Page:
Ying Chan, director of the Journalism and Media Studies Center at The University of Hong Kong, writes an op-ed in the New York Times about the images portrayed during President Obama’s visit to China last week:
While the jury is still out on what President Obama’s China visit has achieved for the long term, the president has most decidedly lost the war of symbolism in his first close encounter with China.
[…] The final image of President Obama in China that circulated around the world is telling: A lone man walking up the steep slope of the Great Wall. The picture is in stark contrast to those of other U.S. presidents who had their photographs taken at the Great Wall surrounded by flag-waving children or admiring citizens. Maybe Mr. Obama wanted a quiet moment for himself before returning home. But a president’s first visit to the wall is a ritual that needs to be properly framed. Mr. Obama could have waited until the next visit, when he could bring the first lady and the children. Instead, he went ahead by himself to pay tribute to China’s ancient culture. In return, the Chinese offered nothing, no popular receptions, not even the companionship of a senior Chinese leader.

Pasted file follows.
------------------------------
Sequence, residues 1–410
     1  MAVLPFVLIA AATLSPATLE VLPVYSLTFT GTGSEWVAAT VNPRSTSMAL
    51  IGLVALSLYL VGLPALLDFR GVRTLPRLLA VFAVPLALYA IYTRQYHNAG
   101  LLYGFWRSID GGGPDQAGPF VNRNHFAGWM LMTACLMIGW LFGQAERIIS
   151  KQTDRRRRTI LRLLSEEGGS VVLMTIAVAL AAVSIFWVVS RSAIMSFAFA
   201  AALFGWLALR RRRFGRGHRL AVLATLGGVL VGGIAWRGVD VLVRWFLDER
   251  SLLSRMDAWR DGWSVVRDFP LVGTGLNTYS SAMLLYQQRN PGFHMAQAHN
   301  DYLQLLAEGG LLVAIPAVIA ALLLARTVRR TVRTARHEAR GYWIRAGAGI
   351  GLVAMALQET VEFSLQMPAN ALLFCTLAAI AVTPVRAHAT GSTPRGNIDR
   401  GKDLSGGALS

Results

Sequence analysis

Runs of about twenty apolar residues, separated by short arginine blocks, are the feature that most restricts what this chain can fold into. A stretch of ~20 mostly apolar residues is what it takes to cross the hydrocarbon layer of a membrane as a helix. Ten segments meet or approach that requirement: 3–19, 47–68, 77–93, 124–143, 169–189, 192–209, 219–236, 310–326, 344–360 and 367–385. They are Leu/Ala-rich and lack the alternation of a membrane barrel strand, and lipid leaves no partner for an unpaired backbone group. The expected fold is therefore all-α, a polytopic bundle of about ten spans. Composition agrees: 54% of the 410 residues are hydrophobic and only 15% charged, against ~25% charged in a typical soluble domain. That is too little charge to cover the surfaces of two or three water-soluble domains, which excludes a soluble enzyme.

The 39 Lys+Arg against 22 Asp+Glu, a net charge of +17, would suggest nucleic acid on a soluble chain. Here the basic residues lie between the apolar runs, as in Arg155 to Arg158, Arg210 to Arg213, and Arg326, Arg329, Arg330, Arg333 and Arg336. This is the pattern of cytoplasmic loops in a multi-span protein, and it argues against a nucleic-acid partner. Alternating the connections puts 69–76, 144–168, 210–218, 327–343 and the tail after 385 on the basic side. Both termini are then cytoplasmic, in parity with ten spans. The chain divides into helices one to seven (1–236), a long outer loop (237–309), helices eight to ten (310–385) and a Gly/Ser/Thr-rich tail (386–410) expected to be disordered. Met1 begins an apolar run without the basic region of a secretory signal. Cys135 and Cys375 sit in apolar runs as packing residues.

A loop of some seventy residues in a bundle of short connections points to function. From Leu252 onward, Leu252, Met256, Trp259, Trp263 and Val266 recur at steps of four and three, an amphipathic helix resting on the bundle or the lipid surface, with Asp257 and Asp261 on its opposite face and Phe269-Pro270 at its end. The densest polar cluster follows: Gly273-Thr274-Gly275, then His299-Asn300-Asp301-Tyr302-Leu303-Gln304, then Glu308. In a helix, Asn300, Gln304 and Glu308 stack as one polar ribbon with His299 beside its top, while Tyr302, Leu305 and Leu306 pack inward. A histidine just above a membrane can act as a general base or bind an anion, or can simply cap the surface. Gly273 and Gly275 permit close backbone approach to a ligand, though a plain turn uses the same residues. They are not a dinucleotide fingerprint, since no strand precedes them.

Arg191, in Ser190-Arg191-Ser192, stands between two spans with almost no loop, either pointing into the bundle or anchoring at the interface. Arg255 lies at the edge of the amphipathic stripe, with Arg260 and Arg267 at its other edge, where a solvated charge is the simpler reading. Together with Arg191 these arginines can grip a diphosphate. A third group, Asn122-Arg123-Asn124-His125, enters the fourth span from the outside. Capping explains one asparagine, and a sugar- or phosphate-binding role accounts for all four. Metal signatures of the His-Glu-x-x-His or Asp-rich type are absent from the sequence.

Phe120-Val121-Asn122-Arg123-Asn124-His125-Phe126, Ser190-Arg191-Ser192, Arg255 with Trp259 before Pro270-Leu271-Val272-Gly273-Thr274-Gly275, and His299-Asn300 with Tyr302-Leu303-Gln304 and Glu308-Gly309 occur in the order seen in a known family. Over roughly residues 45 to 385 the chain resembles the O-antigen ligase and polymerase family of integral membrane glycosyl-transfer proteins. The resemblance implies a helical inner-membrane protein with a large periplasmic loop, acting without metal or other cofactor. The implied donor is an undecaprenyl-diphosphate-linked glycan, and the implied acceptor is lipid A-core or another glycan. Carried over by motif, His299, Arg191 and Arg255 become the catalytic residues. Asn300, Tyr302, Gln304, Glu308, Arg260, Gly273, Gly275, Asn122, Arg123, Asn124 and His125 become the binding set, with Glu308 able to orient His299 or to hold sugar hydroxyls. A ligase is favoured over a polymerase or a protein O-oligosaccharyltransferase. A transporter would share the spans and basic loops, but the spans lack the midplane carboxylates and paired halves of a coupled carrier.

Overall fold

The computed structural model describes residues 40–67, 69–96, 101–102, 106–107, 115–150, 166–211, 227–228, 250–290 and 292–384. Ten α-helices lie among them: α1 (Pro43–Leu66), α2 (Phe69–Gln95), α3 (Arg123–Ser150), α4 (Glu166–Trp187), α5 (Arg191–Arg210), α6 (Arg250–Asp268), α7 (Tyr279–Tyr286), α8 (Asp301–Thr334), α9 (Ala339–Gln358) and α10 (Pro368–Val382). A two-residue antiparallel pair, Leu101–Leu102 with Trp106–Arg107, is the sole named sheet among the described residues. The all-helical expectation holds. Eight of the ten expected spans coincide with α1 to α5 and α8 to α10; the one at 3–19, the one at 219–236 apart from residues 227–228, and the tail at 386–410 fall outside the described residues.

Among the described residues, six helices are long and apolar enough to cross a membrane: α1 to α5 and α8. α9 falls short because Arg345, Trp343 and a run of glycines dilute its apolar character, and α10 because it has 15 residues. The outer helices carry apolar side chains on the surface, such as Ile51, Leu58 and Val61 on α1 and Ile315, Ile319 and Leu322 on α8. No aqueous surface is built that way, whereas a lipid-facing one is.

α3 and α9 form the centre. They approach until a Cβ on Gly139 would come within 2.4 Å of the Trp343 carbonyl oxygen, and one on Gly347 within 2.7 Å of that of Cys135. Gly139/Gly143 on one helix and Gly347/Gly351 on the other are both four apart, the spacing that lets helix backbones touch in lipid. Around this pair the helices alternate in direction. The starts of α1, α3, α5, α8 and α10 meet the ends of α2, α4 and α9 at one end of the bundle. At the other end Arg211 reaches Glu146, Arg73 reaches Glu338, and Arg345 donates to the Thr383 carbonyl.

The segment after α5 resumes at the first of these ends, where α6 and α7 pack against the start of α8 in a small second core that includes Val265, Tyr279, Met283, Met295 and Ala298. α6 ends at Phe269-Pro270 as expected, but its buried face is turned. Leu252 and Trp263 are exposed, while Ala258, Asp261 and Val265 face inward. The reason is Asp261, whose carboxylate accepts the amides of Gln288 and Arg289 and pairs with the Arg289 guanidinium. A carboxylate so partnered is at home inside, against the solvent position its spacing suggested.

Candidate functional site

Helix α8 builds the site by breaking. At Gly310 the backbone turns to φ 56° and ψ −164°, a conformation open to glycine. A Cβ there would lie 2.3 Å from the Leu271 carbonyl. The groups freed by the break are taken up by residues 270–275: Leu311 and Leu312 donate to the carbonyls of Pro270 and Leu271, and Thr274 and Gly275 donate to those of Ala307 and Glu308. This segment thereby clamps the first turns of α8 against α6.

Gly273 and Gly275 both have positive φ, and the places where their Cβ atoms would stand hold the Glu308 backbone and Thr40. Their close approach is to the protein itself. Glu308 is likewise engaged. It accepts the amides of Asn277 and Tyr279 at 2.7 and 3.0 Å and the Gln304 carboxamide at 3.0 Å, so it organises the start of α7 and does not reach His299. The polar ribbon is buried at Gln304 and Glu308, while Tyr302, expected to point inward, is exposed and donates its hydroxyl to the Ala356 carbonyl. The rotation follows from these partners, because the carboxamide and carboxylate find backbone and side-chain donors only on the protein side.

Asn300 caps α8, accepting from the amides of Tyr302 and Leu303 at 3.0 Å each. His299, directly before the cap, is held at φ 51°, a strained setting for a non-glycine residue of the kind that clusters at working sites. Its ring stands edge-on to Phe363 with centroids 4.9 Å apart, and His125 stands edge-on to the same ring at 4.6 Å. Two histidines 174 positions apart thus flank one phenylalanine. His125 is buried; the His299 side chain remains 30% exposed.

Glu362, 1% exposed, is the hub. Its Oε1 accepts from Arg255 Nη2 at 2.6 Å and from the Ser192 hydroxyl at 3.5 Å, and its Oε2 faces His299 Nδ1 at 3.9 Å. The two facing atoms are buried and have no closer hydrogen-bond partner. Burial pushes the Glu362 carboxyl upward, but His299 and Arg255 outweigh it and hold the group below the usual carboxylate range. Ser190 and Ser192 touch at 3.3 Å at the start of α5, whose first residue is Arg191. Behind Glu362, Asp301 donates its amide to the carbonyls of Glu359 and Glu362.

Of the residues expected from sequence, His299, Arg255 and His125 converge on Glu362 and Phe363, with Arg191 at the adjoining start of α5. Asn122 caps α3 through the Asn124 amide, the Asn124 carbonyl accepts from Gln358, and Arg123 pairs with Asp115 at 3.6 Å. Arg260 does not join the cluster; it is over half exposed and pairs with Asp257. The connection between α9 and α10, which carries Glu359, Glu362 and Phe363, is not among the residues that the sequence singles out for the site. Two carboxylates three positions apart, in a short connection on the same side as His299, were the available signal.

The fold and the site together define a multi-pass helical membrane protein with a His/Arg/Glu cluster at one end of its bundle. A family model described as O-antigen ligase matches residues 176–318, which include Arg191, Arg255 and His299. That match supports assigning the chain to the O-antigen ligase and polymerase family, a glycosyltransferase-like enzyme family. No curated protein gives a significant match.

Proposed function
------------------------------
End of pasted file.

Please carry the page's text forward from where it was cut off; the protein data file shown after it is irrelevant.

See also Ying Chan’s piece for China Media Project, “Obama in China: an information war behind the scenes.”